Detectives gather clues to build up the case, they do not limit themselves to one clue. Yet doctors might hobble their patients to one symptom. The story[i] below “the elephant in the dark house” also shows how a blinkered approach may not give the full picture.

“The elephant was in a dark house; some Hindus had brought it for exhibition.

In order to see it, many people were going, every one, into that darkness.
As seeing it with the eye was impossible, [each one] was feeling it in the dark with the palm of his hand..
The hand of one fell on its trunk; he said: “This creature is like a water-pipe.”
The hand of another touched its ear: to him it appeared to be like a fan.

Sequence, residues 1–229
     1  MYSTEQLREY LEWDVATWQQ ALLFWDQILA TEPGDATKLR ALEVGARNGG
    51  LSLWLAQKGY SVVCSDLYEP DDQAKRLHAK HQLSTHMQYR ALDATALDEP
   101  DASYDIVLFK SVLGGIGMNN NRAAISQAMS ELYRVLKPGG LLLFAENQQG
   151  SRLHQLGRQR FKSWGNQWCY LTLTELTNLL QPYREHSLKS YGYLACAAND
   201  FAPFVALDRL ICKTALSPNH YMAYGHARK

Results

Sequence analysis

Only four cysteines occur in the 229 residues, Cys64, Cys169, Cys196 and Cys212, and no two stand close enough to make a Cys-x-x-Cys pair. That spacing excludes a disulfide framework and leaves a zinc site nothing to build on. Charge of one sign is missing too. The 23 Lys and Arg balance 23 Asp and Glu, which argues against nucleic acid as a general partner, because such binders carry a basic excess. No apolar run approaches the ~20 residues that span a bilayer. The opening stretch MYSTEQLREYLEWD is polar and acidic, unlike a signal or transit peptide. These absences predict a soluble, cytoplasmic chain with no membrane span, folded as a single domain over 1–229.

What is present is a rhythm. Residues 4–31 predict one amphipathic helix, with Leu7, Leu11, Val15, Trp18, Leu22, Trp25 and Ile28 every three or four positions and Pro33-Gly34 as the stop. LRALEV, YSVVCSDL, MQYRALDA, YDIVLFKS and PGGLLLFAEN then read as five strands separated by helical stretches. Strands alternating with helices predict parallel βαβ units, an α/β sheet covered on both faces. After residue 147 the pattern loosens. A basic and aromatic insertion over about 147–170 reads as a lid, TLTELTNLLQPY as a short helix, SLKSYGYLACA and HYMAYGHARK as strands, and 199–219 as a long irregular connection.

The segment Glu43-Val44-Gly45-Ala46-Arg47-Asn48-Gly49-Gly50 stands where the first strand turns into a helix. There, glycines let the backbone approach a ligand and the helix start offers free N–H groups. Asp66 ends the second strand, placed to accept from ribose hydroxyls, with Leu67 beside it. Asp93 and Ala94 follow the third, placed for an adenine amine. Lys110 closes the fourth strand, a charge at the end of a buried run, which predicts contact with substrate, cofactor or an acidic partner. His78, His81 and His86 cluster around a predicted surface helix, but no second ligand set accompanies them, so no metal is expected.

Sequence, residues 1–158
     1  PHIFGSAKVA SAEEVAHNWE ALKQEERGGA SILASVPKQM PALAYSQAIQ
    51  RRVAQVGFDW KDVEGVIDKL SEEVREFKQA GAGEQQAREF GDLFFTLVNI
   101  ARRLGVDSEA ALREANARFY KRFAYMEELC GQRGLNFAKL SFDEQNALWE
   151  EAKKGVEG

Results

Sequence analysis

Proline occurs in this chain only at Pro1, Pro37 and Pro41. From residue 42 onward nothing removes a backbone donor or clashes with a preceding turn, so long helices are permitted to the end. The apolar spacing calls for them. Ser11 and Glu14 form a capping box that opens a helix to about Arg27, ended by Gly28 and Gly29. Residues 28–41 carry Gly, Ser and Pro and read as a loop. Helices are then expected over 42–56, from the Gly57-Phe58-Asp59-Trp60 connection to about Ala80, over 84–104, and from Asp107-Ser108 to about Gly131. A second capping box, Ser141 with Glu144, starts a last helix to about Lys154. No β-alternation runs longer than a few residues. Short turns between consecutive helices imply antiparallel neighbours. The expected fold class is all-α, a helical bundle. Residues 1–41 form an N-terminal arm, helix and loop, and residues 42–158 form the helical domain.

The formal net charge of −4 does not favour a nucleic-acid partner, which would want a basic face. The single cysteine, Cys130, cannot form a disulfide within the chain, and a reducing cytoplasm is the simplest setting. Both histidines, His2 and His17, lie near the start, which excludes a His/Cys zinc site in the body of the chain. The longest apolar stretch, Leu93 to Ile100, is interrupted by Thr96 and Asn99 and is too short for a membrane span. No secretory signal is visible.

Since another handled its leg, he said: “I found the elephant’s shape to be like a pillar.”
Another laid his hand on its back: he said, “Truly, this elephant was like a throne.”
Similarly, whenever anyone heard [a description of the elephant]. he understood [it only in respect of] the part that he had touched.
On account of the [diverse] place [object] of view, their statements differed: one man titled it “dal [3],” another “alif.”
If there had been a candle in each one’s hand, the difference would have gone out of their words.”

Is the candle of discovery for the physician thoroughness?


Striving for aequanimitas,


John Mary Meagher



The legend comes from the Pali in the 200 bce. The Sufi master Jalal ud-din-i Rumi (1207-1273 c.e.) used the story n his Mathnawi.


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